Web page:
What led to the Rev. Peter Morales’s undoing and eventual resignation as president of the Unitarian Universalist Association was the hiring of yet another white man to a leadership position.

This is a liberal religion that prides itself on diversity in beliefs, but whose roughly 200,000 members are predominantly white. Morales, the first Latino UUA president, whose eight-year-term as president was to end in June, had pledged to fight the status quo.

But last month, a white man retired from the leadership of the UUA’s Southern Region and was replaced with another white man by the religion’s director of congregational life, the Rev. Scott Tayler.

That didn’t sit well with many members, including Christina Rivera, a Latina who said she had been a finalist for the position. Rivera, a UUA trustee from Charlottesville, criticized the hiring process in a blog post.

“I have had to sit my sons down, fierce warriors of Unitarian Universalism who love their faith deeply, and explain the realities of racially discriminatory hiring,” she wrote.

Outcry among members continued to grow.

“Over the next week, charges spread on social media that the UUA had hired another white person over an unidentified woman of color who was a qualified finalist for the Southern Region job,” reported UU World.

Unitarian Universalism was formed in 1961 by the consolidation of two religions: Unitarianism and Universalism. The religion has no shared creed, but embraces seven guiding principles, including “the free and responsible search for truth and meaning.”

“We need not think alike to love alike,” the UUA website states. “We are people of many beliefs and backgrounds: people with a religious background, people with none, people who believe in a God, people who don’t, and people who let the mystery be.”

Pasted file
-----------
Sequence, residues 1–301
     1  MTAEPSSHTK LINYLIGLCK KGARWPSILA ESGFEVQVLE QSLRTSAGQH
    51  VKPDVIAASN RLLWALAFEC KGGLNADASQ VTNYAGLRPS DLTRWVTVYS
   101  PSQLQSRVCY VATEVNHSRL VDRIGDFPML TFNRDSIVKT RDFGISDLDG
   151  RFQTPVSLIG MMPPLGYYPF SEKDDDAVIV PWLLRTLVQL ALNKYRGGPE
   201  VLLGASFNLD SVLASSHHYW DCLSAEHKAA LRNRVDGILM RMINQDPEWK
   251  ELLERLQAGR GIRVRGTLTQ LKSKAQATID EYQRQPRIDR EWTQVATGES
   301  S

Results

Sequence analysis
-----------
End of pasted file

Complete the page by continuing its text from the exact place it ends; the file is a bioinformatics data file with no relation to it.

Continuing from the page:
The UUA president serves as the religion’s chief executive and chief spokesman. The president is responsible to the board of trustees for the “administrative policies and programs” of the association, according to the UUA website.

Members of the Unitarian Universalist church march silently around Boston’s Federal Building in 1965 protesting denial of civil rights to African Americans in Selma, Ala. (AP)

Handouts about “white privilege” are posted to the UUA website. UUA members have long battled for diversity, multiculturalism and inclusion in society as well in their own ranks, but like many religions rooted in Europe, it has struggled to attract nonwhite members.

Despite efforts to change, members of several popular Protestant Christian denominations, including the Evangelical Lutheran Church in America, the Lutheran Church-Missouri Synod and the United Methodist Church, are more than 90 percent white, according to a 2015 report by the Pew Research Center.

The hiring decision that led to the recent UUA tumult touched a nerve among members who felt leaders were not practicing what they preached about diversity.

More than 120 ministers and other leaders signed a letter that said “the practice of hiring white people nearly to the exclusion of hiring people of color is alarming and not indicative of the communal practice to which our faith calls us.”

Morales sought to calm the storm with a letter of his own, sent to UUA staffers last week. But that appeared to make matters worse.

While agreeing that greater staff diversity was needed, he said “significant progress” had been made, noting that “people of color” among UUA staff had increased from 14 percent in 2008 to 20 percent today and that the proportion of managers had grown from 5 percent to 9 percent.

“I am afraid that the current controversy is distracting us from a larger long term issue,” he wrote. “That issue is that the membership of our congregations continues to be overwhelmingly white and of European origin.”

Then he appeared to attack his critics.

“I wish I were seeing more humility and less self-righteousness, more thoughtfulness and less hysteria,” he wrote of the controversy.”

Three days later, Morales resigned.

“Unfortunately, a note I sent to UUA staff a few days ago made matters worse,” he said in a letter to the UUA’s board of trustees. “I reacted when I should have listened. I am deeply sorry.”

The last president of the Unitarian Universalist Association to not finish a term was the Rev. Paul N. Carnes, who died from cancer less than two years after his election in 1977.

The three candidates to be the next UUA president are all white women. Each has pledged to foster greater diversity in leadership, if elected.

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